"Why yes I did call a bomb threat, no they will not find me," one post said.
"When does the mercy rule come in to play? do I have to bomb a school for REAL?" another said.
"It was kind of creepy," said student Samantha Keffer, who received a "friend" request for the page the day after the bomb threat. "His name (on the site) was 'Iam Flex' and in parenthesis, it was like, 'I am the bomb threat.'"
"The things he was saying on there were pretty creepy, like one of his posts was, 'If this gets 250 more likes by next week, I'll give you another day off of school,'" said student Elsa Hassett.
'Disdain' for police
Schauerhamer noted that police had previous dealings with the boy's family for unrelated incidents. Neighbors confirmed there had been incidents of noise complaints and other problems with the house. The teen is believed to have acted alone.
As for the threats against police, the corporal said investigators believe the boy has a "general disdain for law enforcement in general."
The boy was booked into a juvenile detention facility in Utah County. State and federal prosecutors will now decide whether he should be charged as an adult, and whether he should face charges in state or federal court because the alleged crimes occurred in several states.
In addition to potential criminal charges, Schauerhamer said investigators will likely also seek restitution for the hundreds of man hours that it took to track the boy down.
Alpine School District officials said Friday they were relieved to hear news of the arrest.
"The news that the perpetrator is in custody has just given students and families and community members at large great reassurance that things are back to normal. It's a safe school, safe community," said district spokesman John Patten.
Police had been providing extra patrols around the school all week to reassure parents. Patten said the district is grateful for the hard work of the police department to bring the case to a speedy resolution.
"Even though he was very sophisticated in his use of technology in making this threat and perhaps other threats throughout the country, the message was sent that, yeah, law enforcement can use technology as well to apprehend criminals like that," he said.
Jeffrey L. Coburn, a supervisory special agent over the cyber crimes division for the FBI's Utah office, said the practice of swatting is common, and it puts both law enforcers and the swatting target in "real danger."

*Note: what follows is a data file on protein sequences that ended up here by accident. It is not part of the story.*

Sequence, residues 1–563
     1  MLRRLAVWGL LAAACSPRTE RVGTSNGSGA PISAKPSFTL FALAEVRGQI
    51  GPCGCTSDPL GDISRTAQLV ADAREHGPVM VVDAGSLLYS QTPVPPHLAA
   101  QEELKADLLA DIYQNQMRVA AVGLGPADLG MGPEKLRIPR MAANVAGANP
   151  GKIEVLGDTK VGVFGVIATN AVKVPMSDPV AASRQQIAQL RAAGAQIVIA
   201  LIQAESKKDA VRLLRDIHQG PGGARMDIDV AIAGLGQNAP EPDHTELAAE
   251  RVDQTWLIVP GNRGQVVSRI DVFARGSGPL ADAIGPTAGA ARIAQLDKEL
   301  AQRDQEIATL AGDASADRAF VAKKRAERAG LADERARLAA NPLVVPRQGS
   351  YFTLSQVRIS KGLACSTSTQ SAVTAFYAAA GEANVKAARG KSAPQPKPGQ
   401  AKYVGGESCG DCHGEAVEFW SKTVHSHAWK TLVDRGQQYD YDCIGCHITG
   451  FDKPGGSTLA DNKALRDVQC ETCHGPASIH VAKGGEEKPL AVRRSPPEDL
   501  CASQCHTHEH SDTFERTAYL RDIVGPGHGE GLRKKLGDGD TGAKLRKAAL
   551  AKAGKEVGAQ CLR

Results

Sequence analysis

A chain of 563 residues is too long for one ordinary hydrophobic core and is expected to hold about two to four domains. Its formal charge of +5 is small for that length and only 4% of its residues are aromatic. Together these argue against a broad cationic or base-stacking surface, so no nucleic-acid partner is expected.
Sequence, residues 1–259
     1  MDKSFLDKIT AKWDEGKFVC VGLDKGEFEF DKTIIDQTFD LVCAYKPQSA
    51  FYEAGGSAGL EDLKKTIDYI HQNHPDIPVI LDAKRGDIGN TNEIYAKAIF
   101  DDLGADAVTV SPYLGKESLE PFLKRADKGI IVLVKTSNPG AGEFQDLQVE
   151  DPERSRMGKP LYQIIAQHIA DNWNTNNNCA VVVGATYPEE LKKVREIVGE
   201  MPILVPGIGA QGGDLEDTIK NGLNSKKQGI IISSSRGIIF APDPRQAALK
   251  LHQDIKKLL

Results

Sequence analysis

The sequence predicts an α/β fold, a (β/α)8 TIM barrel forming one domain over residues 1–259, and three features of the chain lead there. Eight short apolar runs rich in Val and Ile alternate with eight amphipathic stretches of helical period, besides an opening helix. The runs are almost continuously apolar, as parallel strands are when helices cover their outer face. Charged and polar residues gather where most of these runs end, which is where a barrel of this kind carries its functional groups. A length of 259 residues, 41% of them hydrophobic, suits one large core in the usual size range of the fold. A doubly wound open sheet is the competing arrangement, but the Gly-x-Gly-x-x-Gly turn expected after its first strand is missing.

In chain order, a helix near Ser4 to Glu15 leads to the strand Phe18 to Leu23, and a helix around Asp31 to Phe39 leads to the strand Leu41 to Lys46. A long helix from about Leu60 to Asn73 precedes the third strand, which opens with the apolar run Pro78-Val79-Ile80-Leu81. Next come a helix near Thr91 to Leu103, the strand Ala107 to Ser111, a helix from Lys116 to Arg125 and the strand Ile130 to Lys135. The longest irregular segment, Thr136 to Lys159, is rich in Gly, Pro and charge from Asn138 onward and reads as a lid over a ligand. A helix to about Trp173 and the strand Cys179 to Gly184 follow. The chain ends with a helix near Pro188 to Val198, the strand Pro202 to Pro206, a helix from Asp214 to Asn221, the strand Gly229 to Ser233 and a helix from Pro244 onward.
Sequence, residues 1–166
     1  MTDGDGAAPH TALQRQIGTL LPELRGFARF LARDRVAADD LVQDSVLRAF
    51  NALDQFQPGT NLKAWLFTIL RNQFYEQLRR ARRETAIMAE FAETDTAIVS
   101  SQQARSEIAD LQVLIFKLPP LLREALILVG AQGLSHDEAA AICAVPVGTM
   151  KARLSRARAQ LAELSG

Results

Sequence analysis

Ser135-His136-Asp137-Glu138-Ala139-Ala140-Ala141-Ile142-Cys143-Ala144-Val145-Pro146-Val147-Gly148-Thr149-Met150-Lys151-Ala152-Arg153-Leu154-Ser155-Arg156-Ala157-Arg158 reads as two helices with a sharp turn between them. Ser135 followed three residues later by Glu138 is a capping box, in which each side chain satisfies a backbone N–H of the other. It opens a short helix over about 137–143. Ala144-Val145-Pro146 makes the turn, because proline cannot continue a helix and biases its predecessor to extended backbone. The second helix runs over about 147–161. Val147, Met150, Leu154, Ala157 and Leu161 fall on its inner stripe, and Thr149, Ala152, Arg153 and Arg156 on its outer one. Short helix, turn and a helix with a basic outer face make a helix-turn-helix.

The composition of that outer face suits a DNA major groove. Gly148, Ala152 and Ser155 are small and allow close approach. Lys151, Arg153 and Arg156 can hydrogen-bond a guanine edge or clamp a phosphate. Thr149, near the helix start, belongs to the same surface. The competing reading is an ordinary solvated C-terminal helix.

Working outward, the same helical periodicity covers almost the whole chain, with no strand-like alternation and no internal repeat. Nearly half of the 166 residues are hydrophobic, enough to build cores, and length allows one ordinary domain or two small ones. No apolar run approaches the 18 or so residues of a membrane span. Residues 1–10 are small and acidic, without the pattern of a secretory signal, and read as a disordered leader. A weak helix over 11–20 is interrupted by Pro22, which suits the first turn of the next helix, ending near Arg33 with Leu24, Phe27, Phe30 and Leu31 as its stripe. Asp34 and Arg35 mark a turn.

"It's not just a joke," Coburn said.
In a typical swatting scenario, Coburn said, a suspect will call in a bomb threat or a life threat to a 911 dispatch center using voiceover technology. The intent is to make it sound like a person's life is at risk, prompting a full police or SWAT response.
The motivation behind swatting is in part wanting attention or popularity, but also seeking revenge on an enemy, he said.
Coburn noted that swatting has become so common, he estimates every FBI field office in the nation sees at least one swatting case on a weekly basis.
"You do have to have some ability on the computer," he said of those who attempt swatting scenarios. "The average person wouldn't know how to do it."
But he admits it wouldn't take a lot to learn how to do it.
Swatting is a crime most likely to be committed by the younger generation, Coburn said. With Facebook and gaming, it isn't uncommon for younger adults and juveniles to have many out-of-state friends and acquaintances who share common interests. If someone gets mad at one of those friends, setting up a swatting scenario out of state isn't uncommon, he said.
Currently, there is no way to prevent swatting, according to Coburn. But he said police and the public should be better educated about what it is and the harm it causes. Swatting uses up a great deal of police manpower, a lot of money to fight, and takes officers away from assisting those who are truly in danger.
Contributing: Mary Richards, Jed Boal